The Connection Between Columbus, Henry VIII, Hitler and Toulouse-Lautrec

When life insurance companies are assessing a customer for risk in order to work out their premiums, they would do well to carefully consider the person’s sexual history. Many young people go through a period of lax sexual behaviour but this can have a detrimental effect on their future health.

Sexually transmitted diseases are mostly curable these days. However, they still carry a stigma which prevents a lot of sufferers seeking help, thus further spreading the diseases. With syphilis alone, thousands of deaths are occurring every year across the globe.

It is believed that Christopher Columbus is responsible for bringing syphilis to Europe on his arrival home from his American discoveries back in 1493. Scientists have traced the evolution of syphilis back to that time in South America. Throughout the years, there have been many alleged famous sufferers of this disfiguring illness including Henry VIII, Adolf Hitler, Ivan the Terrible and Henri de Toulouse-Lautrec.

Not so long ago, it is reported that Prince Albert Victor was suffering from syphilis due to his familiarity with prostitutes. It is also believed that this is what affected his brain and sent him mad, although there is no documented evidence to prove this.

In the US alone, 3,400 new cases of congenital syphilis are discovered every year. Up to 40% of pregnant women with untreated syphilis will lose their babies. An unnecessary statistic given that this disease is relatively easy to treat these days. But that hasn’t always been the case.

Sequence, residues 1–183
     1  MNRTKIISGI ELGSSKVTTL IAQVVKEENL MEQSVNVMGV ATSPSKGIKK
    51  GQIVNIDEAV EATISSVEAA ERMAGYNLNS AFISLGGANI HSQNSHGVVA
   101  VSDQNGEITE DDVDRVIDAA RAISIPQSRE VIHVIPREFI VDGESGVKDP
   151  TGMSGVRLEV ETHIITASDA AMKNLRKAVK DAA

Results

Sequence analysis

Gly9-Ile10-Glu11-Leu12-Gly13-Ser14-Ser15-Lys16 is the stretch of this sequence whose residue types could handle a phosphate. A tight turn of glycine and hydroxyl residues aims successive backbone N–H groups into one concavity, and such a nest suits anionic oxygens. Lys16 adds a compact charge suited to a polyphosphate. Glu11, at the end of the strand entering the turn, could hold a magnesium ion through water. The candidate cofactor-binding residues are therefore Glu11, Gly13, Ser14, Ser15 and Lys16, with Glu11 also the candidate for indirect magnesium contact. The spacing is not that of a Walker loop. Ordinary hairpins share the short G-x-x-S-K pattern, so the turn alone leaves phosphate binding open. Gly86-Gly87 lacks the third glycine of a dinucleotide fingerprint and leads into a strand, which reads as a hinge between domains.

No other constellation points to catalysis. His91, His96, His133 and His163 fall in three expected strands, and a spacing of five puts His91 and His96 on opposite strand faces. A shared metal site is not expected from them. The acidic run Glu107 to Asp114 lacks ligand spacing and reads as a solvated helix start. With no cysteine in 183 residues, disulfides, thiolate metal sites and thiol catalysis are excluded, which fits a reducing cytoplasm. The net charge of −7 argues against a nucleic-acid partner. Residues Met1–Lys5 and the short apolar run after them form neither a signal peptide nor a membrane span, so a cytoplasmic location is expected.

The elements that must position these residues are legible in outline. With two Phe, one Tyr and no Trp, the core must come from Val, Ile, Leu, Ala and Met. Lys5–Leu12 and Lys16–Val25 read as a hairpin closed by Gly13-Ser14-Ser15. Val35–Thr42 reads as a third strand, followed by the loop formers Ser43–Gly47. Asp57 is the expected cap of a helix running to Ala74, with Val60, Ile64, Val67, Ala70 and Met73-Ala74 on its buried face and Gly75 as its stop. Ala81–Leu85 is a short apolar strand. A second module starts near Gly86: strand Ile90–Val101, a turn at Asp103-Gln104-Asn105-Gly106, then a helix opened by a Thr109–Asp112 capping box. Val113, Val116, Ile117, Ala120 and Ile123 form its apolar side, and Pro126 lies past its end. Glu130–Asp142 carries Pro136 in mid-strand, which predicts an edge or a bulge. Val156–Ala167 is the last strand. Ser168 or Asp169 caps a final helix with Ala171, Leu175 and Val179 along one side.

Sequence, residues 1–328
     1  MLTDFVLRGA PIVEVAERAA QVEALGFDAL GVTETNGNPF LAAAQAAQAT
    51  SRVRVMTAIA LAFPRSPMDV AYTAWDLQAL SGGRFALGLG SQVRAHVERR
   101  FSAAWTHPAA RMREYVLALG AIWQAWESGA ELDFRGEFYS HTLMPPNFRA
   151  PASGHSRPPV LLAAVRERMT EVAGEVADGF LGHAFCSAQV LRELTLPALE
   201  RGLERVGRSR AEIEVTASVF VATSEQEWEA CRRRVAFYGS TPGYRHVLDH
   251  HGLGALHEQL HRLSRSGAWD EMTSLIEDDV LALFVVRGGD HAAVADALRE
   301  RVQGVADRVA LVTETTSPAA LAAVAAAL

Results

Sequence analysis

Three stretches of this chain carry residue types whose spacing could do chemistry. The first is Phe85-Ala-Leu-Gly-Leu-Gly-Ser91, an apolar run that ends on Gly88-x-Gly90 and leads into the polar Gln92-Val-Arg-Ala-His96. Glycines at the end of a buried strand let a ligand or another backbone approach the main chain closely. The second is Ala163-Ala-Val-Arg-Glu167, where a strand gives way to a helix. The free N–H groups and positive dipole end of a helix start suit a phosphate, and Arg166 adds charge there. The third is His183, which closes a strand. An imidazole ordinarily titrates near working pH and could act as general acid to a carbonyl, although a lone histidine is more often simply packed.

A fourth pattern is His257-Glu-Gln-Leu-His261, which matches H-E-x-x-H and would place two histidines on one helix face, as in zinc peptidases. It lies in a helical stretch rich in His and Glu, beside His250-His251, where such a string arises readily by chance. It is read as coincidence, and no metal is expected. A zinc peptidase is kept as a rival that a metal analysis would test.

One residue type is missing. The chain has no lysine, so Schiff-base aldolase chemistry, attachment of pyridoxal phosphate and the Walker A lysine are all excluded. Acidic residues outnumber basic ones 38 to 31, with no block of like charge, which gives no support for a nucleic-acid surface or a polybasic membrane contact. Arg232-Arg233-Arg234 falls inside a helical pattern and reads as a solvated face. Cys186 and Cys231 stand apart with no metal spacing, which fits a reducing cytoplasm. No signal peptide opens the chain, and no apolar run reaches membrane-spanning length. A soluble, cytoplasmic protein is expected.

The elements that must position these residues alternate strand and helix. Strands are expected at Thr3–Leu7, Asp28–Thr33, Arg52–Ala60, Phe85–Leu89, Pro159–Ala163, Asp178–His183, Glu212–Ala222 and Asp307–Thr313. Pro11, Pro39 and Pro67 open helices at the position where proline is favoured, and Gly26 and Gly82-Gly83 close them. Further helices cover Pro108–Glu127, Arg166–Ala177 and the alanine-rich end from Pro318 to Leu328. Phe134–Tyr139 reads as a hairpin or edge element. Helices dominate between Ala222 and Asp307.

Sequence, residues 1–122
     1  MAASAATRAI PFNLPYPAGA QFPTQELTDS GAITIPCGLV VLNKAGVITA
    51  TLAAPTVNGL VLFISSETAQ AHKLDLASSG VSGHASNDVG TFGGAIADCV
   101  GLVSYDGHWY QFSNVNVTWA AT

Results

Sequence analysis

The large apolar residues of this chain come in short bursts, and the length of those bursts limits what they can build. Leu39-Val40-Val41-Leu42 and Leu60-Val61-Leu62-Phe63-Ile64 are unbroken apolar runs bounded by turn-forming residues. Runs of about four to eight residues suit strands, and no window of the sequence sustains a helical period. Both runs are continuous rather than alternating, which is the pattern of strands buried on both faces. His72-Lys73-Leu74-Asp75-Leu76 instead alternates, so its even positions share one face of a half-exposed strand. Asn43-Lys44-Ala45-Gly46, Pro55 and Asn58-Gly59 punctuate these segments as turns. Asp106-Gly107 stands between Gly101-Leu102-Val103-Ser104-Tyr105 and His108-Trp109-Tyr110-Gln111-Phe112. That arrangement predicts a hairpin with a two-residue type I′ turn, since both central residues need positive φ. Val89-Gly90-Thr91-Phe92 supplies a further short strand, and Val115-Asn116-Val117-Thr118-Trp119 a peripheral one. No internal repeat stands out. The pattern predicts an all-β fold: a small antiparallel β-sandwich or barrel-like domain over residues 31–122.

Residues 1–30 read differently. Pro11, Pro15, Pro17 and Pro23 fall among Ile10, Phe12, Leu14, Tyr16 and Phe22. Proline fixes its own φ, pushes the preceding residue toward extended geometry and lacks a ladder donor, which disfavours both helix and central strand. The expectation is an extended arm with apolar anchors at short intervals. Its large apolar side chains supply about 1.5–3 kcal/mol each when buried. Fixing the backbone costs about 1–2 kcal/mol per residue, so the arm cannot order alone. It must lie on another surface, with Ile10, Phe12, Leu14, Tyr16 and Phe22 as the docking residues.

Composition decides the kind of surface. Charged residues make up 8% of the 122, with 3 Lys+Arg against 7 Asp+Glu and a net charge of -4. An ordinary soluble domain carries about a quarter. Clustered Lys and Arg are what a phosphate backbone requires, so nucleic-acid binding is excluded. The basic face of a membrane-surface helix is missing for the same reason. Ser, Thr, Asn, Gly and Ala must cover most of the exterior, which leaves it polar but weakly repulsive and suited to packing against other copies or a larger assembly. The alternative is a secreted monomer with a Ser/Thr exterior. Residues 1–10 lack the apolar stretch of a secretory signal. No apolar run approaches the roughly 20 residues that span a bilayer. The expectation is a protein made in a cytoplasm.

Mercury was once the given treatment for cases of syphilis. This lead to the saying ‘A night in Venus leads to a lifetime in Mercury’. A patient was encased in a box with just his head sticking out, Mercury was added to the box and a fire lit beneath. The mercury vaporized, supposedly curing the disease but was just one of an assortment of failing treatments.

Left untreated, syphilis can cause irreparable damage to the heart, aorta, brain, eyes and bones. It can also prove fatal. Does this mean that life insurance would not pay out, as sexual behaviour is a matter of choice? Does it matter that, while not construed as self inflicted, it could be looked at as our own fault?

Thankfully, life insurance will pay out in the event of a death from an STD. If not, then life insurance companies could argue that every accident or illness was because of our lifestyle choices and there would simply be no life insurance business in existence.

It is essential to get STD’s treated as soon as possible as they can cause other problems, including cancer of the reproductive tract and Pelvic Inflammatory Disease. This will result in scaring which is responsible for approximately 9% of ectopic pregnancies. Another life threatening situation for expectant mothers.

As always, it pays to look after our own health to the best of our ability. In the event of any infections, however embarrassing they may be deemed, prompt intervention is essential. Not only will you prolong your own life with a better quality, you will avoid problems later on in life and reduce your life insurance premiums.

Insurance expert Catherine Harvey looks at the effects on life insurance of sexual health. To find out more please visit